Book into Film – “A House Is Not A Home” (1964)

Hollywood biopics tended to follow one of two routes – overcoming circumstances or falling victim to circumstances. Polly Adler’s autobiography A House Is Not A Home fitted into neither category. It was more of a survivor’s guide and if there was any element of triumph it was within an unsavory profession and one that sailed too close to the nether worlds of the Prohibition gangster.

The film stuck to a shorter time frame than the book, kaleidoscoping certain events and characters, highlighting an inevitably impossible romance and adding a gangster subplot, while acting as an expose of civic corruption, cops especially rubbing their noses in the financial trough.

Dramatic license is taken throughout the film, for example Adler (Shelley Winters in the film) was not rescued in the book by future lover Casey Booth (Ralph Taeger), who was in any case a pseudonym, but first met him when he drank himself unconscious in her brothel. Lucky Luciano (Cesar Romero) makes only a brief appearance in the book. Both film and book skip present Adler as businesswoman first and victim second.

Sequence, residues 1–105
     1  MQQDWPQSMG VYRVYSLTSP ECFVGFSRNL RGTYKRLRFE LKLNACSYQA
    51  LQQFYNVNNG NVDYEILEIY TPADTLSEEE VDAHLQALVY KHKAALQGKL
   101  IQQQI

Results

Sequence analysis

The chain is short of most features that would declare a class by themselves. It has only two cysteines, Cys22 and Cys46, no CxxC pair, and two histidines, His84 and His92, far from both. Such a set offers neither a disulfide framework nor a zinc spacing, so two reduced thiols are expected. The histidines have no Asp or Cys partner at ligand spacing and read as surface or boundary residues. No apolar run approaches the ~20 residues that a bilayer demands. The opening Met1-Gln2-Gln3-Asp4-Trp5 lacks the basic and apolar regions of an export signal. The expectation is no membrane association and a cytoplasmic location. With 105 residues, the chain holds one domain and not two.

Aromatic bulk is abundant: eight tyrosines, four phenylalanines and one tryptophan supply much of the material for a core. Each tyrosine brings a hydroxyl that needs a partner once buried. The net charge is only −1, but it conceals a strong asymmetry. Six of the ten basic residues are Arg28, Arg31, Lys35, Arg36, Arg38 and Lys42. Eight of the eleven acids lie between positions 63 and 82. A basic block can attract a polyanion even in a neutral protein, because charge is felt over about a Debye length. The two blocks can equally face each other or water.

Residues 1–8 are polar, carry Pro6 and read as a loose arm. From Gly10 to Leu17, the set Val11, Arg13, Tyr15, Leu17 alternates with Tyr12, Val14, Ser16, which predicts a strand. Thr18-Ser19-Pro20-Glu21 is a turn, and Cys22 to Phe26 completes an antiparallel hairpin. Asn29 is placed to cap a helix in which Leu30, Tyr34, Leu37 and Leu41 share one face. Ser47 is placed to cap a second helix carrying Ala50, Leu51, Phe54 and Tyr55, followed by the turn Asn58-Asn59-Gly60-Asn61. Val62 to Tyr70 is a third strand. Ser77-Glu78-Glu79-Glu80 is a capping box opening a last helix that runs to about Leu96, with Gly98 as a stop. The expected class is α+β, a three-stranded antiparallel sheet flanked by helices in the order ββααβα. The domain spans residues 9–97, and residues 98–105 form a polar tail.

Adler’s unflinching attitude to the business is core to both book and film but inevitably a movie made in Hollywood in the mid-1960s enjoyed less freedom in matters relating to sex than a book published a decade before. In some respects it’s a shame that the film was shot  in such prohibitive times. Had it been made today either as a movie or mini-series it would have had a more decent chance of telling a better story and bypassing the pressing issues of morality, as was the case with Molly’s Game (2017), another true story, about a woman heading up a multi-million-dollar illegal gambling racket.

The book tells a fascinating story and casts a light on troubled times. Adler came to the U.S. as an immigrant at the age of 13, was raped by her workplace supervisor, thrown out of her home and went into the pimping business by accident before setting up her own brothel. But she did quit and operated instead as a lingerie retailer before being duped out of her savings. Thereafter, back in the sex worker business, she made a point of hiring only the most beautiful girls and her career path  demonstrated a fascinating understanding of business, especially her grasp of marketing, as she moved from the gangster world into high society.